Inside Rensselaer
* Green@Rensselaer: Constructing a Sustainable Campus
ECAV features a solar shading screen to control glare and heat from the western sun exposure.
Green@Rensselaer: Constructing a Sustainable Campus
Leaders at Rensselaer are pairing engineering smarts with old-fashioned common sense to trim energy costs and reduce the carbon footprint of the university’s historic Troy campus.

From the innovative design of new buildings to the retro-commissioning of century-old Institute landmarks, Rensselaer has embraced sustainability as a way of life.

“The physical transformation of Rensselaer over the past decade — particularly in the last five years — is striking and undeniable,” said Claude Rounds, vice president for administration. “But even with the addition of all of these new facilities, we have reduced our overall energy and water consumption per square-foot. In terms of energy efficiency and sustainability, Rensselaer is leaner and greener than ever before.”

The newest addition to the Troy campus is the East Campus Athletic Village (ECAV). The most extensive athletic construction project in Rensselaer history, ECAV is also among the most energy-efficient facilities of its kind. In addition to optimized environmental conditioning systems and a strong focus on water efficiency for both irrigation-free landscaping and waste water, ECAV has a 50-kilowatt photovoltaic array installed on the roof. These solar panels convert sunlight into electricity that supports the refrigeration system that makes the ice for the nearby Houston Field House hockey rink.

The innovative design for the ECAV stadium employs a solar shading screen to control glare and heat from the western sun exposure. ECAV is expected to achieve a Leadership in Energy and Environmental Design (LEED) Green Building rating of silver.

Similarly, the Curtis R. Priem Experimental Media & Performing Arts Center (EMPAC) has achieved a LEED rating of silver. Rounds said the facility outperforms many of the LEED requirements and standards. Some of the sustainable features built into EMPAC include energy-efficient lighting, efficient water usage, and an air handling system that uses reheat coils and variable speed drives. Energy use at EMPAC is more than 20 percent below the average baseline energy use of similar-sized buildings.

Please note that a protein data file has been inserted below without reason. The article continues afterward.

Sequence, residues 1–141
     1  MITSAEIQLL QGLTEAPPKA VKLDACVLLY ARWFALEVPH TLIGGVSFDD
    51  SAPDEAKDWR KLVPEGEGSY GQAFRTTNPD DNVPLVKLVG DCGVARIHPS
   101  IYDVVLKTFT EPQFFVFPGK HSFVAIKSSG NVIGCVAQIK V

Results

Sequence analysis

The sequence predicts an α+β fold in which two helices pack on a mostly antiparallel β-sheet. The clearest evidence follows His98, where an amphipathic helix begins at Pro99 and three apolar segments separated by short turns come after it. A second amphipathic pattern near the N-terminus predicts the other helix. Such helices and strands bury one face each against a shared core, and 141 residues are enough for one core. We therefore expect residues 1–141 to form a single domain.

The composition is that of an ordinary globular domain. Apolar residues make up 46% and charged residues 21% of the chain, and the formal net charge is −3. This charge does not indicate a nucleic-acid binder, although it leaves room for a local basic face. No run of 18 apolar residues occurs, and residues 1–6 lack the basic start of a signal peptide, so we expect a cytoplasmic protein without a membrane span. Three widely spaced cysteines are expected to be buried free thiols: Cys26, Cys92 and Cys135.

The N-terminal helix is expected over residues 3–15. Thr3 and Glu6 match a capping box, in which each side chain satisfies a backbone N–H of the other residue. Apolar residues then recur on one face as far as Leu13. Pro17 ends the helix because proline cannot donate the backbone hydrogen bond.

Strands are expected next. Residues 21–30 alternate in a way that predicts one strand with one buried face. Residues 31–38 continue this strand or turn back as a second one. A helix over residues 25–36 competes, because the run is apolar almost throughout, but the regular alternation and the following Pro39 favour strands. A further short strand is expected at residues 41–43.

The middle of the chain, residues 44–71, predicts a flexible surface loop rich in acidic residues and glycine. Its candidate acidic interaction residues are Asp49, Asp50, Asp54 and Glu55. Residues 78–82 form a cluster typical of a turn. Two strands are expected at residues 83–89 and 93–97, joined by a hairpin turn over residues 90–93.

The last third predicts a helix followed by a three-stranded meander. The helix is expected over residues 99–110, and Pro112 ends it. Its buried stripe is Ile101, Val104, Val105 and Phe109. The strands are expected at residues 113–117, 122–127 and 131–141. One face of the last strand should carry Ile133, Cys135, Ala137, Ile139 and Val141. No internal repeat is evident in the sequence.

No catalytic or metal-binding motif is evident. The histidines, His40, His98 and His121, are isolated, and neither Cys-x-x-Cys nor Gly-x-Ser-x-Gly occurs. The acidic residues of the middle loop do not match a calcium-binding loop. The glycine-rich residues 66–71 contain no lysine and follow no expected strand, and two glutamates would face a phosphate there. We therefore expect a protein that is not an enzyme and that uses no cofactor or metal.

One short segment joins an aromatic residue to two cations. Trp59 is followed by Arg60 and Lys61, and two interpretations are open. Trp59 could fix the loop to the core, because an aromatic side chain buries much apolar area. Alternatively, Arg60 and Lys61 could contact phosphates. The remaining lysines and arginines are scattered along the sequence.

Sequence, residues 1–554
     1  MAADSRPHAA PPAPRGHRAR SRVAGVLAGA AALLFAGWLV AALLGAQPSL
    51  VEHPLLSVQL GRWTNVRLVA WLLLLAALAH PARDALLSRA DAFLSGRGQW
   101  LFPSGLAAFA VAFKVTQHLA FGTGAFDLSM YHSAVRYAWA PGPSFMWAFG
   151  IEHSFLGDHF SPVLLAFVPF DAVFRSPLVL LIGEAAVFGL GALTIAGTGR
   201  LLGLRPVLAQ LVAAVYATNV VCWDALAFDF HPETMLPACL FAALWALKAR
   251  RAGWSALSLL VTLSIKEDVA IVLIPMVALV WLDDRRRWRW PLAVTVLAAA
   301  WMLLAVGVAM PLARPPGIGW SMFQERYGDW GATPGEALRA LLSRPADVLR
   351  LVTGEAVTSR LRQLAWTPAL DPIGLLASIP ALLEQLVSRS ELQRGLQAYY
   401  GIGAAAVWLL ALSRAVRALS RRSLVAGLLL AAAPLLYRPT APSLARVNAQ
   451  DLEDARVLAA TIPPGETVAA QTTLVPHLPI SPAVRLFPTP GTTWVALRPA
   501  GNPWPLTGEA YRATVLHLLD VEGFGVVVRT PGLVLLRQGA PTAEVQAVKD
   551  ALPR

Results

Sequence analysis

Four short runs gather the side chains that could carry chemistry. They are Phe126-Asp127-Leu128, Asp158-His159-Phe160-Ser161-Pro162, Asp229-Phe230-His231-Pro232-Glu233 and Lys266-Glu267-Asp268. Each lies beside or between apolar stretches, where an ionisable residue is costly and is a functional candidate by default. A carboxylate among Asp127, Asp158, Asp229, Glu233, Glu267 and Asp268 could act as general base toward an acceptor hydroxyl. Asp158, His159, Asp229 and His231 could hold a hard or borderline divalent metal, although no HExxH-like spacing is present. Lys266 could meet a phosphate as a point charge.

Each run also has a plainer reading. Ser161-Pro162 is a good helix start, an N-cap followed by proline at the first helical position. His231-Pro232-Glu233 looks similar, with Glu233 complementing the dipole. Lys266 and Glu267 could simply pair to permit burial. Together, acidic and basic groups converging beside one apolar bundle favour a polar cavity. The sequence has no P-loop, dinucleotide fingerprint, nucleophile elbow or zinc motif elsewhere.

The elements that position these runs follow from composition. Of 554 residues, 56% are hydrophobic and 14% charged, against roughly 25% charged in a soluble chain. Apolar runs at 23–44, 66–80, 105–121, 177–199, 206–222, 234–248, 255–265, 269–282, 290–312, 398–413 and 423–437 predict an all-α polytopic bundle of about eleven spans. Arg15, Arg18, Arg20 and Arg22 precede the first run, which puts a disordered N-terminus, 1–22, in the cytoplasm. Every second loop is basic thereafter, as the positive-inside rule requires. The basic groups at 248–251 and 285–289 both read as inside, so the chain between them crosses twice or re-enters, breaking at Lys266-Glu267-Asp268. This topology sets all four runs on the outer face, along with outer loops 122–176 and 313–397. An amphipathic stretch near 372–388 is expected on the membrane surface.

The Center for Biotechnology and Interdisciplinary Studies, Rounds said, is a triumph of sustainable engineering. The building’s large interior atrium is naturally conditioned, without the need for cooling or heating. Environmental systems are used on the very hottest and coldest days of the year, Rounds said, but 95 percent of the time, Rensselaer is expending literally no energy to heat or cool the atrium.

For the many older buildings on campus, Rensselaer employs the strategy of retro-commissioning. This regime of constant improvement entails making sure the individual environmental and operational systems of each building are performing optimally as possible, given the restraints of the hardware. It is neither efficient nor cost-effective to simply gut a building’s existing system and replace it, Rounds said.

“You really have to take each building on a case-by-case basis, and be as smart as you can based on the building’s needs and function,” Rounds said. The Institute purchases five million kilowatt-hours of wind-generated electricity every year to help power the campus, and over the past five years has received
$1.6 million in state and federal energy grants.

Rounds said the thread tying together all of the Institute’s green efforts is the Student Sustainability Task Force. The student-led organization has successfully endeavored over the past few years to integrate sustainability into all aspects of campus life, including education, research, operations and culture. Many of these efforts include collaborations with Round’s group, and range from monitoring the real-time energy usage of different campus facilities, to efficiency programs, composting, and recycling.

“We now have a very large, very active group of students who are doing a number of important sustainability projects,” Rounds said. “The task force has generated a valuable inventory of student-led sustainability pilot programs and other opportunities. These students paved the way to the most remarkable and substantial move forward in sustainability that this campus has ever witnessed.

“In addition to all of the good reasons for weaving sustainability into every nook and cranny of Rensselaer, there is a very real impact on the order of millions of dollars that we realize from these green efforts,” Rounds said. “And the more we save, the more we can reinvest in our students, operations, and educational mission.”

For more stories on topics related to sustainability, energy, and the environment, visit
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Inside Rensselaer, Strategic Communications and External Relations
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Inside Rensselaer
Volume 4, Number 11, June 18, 2010
©2010 Rensselaer Polytechnic Institute
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